Blackwell Publishing Journal Backfiles 1879-2005
Architecture, Civil Engineering, Surveying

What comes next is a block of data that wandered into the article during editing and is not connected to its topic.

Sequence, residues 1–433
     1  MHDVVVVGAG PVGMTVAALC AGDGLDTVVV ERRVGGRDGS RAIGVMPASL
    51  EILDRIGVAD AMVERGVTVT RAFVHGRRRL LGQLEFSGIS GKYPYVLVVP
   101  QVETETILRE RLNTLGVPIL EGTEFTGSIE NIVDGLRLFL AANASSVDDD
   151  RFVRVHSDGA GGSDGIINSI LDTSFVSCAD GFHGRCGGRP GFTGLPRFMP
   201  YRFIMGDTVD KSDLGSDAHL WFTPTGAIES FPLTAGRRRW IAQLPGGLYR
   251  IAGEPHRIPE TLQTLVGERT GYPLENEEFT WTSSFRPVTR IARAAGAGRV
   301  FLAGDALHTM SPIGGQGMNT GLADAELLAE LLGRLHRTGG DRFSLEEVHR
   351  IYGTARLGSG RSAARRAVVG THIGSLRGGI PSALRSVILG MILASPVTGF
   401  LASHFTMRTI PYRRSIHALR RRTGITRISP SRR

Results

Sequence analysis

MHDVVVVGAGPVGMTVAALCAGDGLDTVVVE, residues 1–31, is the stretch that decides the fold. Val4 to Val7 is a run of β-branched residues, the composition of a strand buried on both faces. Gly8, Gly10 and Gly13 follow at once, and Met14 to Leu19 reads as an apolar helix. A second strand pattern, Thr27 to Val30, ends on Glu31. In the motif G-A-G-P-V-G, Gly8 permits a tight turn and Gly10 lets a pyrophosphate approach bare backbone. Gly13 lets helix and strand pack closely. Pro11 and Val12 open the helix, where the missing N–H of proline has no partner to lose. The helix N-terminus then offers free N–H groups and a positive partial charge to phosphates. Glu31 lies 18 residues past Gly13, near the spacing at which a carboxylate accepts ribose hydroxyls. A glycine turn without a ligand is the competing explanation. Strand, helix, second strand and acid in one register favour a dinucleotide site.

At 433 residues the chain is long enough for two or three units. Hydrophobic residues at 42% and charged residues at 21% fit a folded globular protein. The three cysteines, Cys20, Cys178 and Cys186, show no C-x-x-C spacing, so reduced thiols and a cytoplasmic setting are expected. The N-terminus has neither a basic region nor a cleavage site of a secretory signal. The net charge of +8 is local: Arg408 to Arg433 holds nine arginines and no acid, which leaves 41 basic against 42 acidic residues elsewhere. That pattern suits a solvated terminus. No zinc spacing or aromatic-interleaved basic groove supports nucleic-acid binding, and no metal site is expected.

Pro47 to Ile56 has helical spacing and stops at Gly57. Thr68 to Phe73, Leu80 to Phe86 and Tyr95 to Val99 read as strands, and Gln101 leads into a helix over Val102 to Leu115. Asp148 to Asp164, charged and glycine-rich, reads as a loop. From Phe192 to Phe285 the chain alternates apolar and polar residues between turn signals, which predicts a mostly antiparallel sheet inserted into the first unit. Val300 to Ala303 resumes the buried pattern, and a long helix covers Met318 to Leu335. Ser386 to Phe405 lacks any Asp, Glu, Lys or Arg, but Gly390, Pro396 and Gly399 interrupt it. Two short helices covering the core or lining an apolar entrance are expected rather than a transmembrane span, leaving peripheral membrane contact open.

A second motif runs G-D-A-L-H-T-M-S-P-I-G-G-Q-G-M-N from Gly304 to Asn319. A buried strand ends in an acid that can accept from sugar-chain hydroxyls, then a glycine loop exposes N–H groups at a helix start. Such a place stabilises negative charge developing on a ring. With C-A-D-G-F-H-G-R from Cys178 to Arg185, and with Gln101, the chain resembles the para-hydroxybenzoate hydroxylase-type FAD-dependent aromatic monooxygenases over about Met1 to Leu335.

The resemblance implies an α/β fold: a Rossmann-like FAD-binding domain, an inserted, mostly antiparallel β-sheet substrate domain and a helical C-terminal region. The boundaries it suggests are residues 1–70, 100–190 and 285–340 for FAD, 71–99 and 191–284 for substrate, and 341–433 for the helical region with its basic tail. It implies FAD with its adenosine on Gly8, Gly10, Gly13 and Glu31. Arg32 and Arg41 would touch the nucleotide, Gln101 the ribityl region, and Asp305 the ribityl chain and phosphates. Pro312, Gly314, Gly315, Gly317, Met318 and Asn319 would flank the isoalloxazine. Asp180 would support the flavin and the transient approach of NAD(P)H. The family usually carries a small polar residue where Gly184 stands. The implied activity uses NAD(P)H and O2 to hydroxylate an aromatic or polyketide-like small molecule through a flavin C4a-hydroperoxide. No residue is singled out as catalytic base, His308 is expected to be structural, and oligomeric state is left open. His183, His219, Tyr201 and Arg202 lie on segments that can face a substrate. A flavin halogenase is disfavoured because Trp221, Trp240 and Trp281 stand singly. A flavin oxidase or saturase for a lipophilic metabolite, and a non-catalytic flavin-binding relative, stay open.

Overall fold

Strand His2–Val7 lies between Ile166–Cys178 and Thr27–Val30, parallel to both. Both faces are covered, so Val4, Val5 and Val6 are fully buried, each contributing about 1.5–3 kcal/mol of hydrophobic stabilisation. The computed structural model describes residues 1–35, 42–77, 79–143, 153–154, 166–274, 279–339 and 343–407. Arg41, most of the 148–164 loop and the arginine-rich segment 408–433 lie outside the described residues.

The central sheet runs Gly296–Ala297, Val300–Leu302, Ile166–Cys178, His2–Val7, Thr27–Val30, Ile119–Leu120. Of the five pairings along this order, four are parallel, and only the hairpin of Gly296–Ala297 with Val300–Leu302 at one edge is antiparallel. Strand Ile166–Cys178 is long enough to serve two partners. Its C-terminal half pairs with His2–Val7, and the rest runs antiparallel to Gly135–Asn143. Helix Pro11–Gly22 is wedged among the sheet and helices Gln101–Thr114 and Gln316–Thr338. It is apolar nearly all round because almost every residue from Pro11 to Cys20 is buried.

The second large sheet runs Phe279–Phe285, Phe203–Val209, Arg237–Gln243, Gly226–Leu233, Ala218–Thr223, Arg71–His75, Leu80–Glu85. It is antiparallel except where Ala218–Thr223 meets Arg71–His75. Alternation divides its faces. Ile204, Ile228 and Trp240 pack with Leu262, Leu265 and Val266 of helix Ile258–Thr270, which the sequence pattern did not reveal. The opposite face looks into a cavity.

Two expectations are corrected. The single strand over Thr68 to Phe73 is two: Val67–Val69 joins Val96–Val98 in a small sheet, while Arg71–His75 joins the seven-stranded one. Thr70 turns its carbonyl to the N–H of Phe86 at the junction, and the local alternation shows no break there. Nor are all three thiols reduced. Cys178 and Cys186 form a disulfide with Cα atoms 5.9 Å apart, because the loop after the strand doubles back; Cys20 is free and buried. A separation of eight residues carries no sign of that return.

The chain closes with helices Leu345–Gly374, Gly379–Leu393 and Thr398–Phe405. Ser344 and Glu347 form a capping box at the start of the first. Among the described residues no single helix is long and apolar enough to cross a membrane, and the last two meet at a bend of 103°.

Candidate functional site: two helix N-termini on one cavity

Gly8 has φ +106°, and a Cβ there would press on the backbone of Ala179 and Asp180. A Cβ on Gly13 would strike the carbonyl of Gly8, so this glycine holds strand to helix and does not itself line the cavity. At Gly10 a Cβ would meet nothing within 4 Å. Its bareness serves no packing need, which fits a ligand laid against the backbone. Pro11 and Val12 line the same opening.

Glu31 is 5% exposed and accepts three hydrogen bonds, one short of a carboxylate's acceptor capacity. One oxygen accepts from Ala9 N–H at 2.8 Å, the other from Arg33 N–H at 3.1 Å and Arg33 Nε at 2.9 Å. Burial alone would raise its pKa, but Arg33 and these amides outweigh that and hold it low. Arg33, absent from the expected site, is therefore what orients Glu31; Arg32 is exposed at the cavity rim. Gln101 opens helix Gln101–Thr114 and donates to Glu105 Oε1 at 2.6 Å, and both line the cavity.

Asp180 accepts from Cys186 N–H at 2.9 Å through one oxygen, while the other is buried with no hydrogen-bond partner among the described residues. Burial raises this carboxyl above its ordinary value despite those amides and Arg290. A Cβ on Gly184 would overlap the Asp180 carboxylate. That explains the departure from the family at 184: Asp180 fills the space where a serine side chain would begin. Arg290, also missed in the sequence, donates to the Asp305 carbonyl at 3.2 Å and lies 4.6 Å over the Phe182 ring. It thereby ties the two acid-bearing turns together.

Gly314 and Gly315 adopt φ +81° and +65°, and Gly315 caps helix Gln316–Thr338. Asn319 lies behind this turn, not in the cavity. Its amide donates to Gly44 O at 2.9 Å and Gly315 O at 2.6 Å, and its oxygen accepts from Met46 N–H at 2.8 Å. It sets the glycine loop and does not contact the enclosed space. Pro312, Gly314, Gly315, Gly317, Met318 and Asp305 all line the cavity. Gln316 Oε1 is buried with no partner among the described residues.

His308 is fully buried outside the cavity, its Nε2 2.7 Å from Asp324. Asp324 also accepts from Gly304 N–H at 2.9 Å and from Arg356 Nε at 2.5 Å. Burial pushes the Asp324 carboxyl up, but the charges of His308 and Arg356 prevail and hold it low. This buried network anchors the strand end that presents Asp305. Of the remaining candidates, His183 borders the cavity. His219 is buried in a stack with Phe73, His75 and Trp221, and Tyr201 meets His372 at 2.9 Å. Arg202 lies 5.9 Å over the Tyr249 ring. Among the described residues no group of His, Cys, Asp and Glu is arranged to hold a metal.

The interaction of indoor air pollutants with interior surfaces (i.e., sinks) is a well known, but poorly understood, phenomenon. Studies have shown that re-emissions of adsorbed organic vapours can contribute to elevated concentrations of organics in indoor environments. Research is being conducted in small environmental test chambers to develop data for predicting sink behaviour. This paper reports on the development of sink models based on fundamental mass transfer theory. The results of experiments conducted to determine the magnitude and rate of adsorption and desorption of vapour phase organic compounds for several materials are presented. Five materials were evaluated: carpet, painted wallboard, ceiling tile, window glass, and upholstery. Two organic compounds were tested with each material: tetrachloroethylene (a common cleaning solvent) and ethylbenzene (a common constituent of petroleum-based solvents widely used in consumer products). The results of the experimental work are presented showing the relevant sink effect parameters for each material tested and comparing the sorptive behaviour of the two organic compounds evaluated. An indoor air quality (IAQ) model was modified to incorporate adsorption and desorption sink rates. The model was used to predict the temporal history of the concentration of total vapour phase organics in a test house after application of a wood finishing product. The predicted results are presented and compared to measured values. Suggestions for further research on indoor sinks are presented.
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